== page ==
Nancy Perkins, Deseret Morning News
Colorado City, Ariz., Police Chief Sam Roundy says his officers are very professional and that the attorney general is making false statements.

HILDALE, Washington County — Hildale Mayor David Zitting said he's surprised and baffled by Utah Attorney General Mark Shurtleff's sudden urge to fire the town's police force because he thinks the officers practice polygamy.

"I don't know what Shurtleff's doing," said Zitting, who last met with Shurtleff in Salt Lake City months ago before an Aug. 22 Polygamy Summit called by the attorney general in St. George. Despite a clear invitation then to Shurtleff to contact him if he had questions or wanted to talk about anything, Zitting said, "I haven't heard from him since. I've invited him to come down and take a tour, but he hasn't done it."

Shurtleff said in a Thursday meeting of the Peace Officer Standards and Training Council that Hildale officers are living in violation of Utah law and should be decertified. In response, the council has asked POST director Sid Groll to look into the matter.

Shurtleff apparently believes that too many people might be looking the other way, allowing fundamentalist religious tenets that polygamy is central to spiritual salvation to trump state laws prohibiting it.

Former Hildale police officer Rodney Holm was decertified after being convicted in August of felony bigamy for having "spiritually married" a 16-year-old girl when he was already married.

Shurtleff thinks Holm's fellow officers and his chief, Colorado City, Ariz., Police Marshal Sam Roundy, knew about the situation but didn't take action in deference to Warren Jeffs, leader of the Fundamentalist LDS Church where Holm is a member.

"It appears to me that chief Sam Roundy is not in control but that (Warren) Jeff's in control," Shurtleff told the Deseret Morning News on Thursday night. "We need to look into it and see if they are (bigamists)."

Several women who formerly lived as polygamists in Hildale but have since left the lifestyle have told the AG's office that it is common knowledge among residents there that "you don't go to the police on issues, because they are loyal to the church," Shurtleff's chief deputy, Kirk Torgensen, said.

"I realize that some of this is hearsay," Torgensen said. "I firmly believe that it's a question that needs to be looked at. Are these police officers devoted and dedicated to the constitution and the laws of Utah or are they devoted and dedicated to the (FLDS) church?"

Colorado City and Hildale blend across the state line and are populated by members of the FLDS Church. Hildale receives police protection through an agreement with the nine-member Colorado City Police Department and pays $53,400 annually for round-the-clock service, including 911, Zitting said.

During the first six months of this year, the Hildale/Colorado City police department responded to more than 2,500 calls for service. Of those, 31 percent were calls from Hildale residents, according to police records.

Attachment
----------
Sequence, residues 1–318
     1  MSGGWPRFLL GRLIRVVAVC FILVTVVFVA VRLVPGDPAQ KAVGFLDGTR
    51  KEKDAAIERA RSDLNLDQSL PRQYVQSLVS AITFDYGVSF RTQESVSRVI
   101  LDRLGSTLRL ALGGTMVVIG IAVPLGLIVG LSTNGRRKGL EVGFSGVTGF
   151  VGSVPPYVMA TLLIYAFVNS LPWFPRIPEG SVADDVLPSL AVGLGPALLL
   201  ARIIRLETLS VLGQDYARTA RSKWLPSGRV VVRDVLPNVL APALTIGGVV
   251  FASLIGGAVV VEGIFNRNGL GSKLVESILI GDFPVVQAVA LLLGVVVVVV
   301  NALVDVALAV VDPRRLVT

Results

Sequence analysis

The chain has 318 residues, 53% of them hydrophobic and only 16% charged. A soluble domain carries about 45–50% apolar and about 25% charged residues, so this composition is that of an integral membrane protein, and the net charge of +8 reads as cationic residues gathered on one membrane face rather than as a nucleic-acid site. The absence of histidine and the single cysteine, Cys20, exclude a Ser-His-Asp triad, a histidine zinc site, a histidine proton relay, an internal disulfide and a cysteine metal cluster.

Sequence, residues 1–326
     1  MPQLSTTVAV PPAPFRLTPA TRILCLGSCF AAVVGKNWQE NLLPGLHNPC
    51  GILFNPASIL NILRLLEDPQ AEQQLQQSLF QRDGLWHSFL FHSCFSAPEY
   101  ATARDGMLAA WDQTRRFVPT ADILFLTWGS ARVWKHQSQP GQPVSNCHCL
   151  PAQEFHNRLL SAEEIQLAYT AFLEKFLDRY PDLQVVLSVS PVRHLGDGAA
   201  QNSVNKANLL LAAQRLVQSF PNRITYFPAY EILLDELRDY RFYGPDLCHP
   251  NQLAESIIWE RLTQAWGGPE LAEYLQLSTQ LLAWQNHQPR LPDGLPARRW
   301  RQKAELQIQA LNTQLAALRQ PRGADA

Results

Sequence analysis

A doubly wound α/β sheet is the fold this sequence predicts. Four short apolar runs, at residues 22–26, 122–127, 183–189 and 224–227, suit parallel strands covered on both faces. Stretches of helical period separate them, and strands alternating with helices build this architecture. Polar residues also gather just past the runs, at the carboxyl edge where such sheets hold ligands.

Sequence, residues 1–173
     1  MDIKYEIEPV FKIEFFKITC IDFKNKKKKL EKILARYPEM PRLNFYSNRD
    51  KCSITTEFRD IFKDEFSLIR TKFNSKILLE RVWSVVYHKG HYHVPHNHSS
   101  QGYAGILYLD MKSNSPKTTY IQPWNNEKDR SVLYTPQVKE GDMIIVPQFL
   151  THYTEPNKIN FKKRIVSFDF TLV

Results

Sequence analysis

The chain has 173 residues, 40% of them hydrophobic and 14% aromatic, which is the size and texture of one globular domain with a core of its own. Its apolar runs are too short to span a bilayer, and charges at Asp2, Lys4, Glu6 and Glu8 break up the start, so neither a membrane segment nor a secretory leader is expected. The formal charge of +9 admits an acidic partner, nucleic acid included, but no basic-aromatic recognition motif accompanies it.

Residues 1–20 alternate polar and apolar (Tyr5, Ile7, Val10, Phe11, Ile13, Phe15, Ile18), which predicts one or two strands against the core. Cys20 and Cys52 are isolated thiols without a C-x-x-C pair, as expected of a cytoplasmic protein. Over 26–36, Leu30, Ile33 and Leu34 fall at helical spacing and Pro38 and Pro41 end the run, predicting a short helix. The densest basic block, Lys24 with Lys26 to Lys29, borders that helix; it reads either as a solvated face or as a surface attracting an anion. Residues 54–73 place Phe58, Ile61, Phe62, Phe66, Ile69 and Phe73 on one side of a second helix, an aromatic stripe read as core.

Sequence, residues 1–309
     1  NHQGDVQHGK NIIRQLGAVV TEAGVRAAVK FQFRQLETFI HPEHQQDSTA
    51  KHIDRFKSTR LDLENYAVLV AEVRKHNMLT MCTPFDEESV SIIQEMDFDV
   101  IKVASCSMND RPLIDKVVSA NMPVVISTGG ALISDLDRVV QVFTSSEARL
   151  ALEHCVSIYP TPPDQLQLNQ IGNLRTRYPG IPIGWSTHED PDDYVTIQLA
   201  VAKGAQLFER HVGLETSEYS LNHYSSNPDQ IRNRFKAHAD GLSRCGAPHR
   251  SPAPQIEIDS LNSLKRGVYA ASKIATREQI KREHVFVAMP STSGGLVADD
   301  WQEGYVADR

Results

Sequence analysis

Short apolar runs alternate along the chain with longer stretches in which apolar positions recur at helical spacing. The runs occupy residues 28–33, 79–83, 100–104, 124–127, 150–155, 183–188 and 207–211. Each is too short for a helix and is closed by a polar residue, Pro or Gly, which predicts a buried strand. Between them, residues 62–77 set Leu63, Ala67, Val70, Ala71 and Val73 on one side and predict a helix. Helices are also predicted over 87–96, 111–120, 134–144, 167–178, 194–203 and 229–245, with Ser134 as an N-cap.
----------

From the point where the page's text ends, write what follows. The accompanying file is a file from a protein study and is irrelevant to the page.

"The police service is great," Zitting said. "I don't know why they'd want to disrupt that."

Zitting said Shurtleff's aggressive stance toward the Colorado City/Hildale officers is only an attempt to highlight the attorney general's political agenda.

"They've been making such a strong issue of this, and saying they weren't prosecuting polygamy," Zitting said. "Now they turn right around and do the opposite. As soon as they got finality on the Rodney Holm case, they start doing what they said they wouldn't do."

Holm's attorney, Rod Parker, said Shurtleff is opening up a can of worms that won't be easy to close.

"I was hesitant to say this before, but I have no doubt now that this is politically motivated," said Parker, who also represents the FLDS church. "He really needs to think carefully about what he's doing to the psyche of the community out there. [Polygamy is] not going away. He needs to work with that community."

Roundy said he finds Shurtleff's attempts to strip his Arizona officers of their Utah certification almost laughable.

"I'll let Shurtleff do the research on whether my officers are married to more than one wife or not," said Roundy, implying that Shurtleff's investigation would prove his officers are either single or in monogamous relationships. "These officers are very professional. We do our job. We don't let anything go by. Shurtleff is making some false statements."

Shurtleff also told the Deseret Morning News that his staff tried to serve subpoenas for church records of marriages involving teenage girls but was kept waiting more than three hours while Hildale officers "called" church officials, only to say later that no one planned to respond.

"That is a total falsehood," Roundy said. "They asked us to make a call and we did. I sent a police officer with them on every one of their attempts. Nobody hindered them from knocking on a door to serve a subpoena. Arizona came in earlier and we did the same thing to try to help them."

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Washington County Sheriff Kirk Smith said Shurtleff is right even though he believes the police do a good job. "They're a top-flight organization out there," Smith said, "but they still have to be in compliance with the law to be a certified police officer."

Where to draw the line is a tough issue facing society, Smith added. "Do you decertify an officer who is getting a divorce and begins living with a girlfriend? There's a lot more to it than whether you believe in polygamy or not."

Former Colorado City sheriff Sam Barlow said his Arizona certification was challenged in the 1980s but he prevailed.

"The investigator and I talked a lot about whether a person can still be loyal to the U.S. Constitution and still organize his family according to his religious convictions," said Barlow. "It certainly isn't criminal conduct to raise a family, or to raise two families."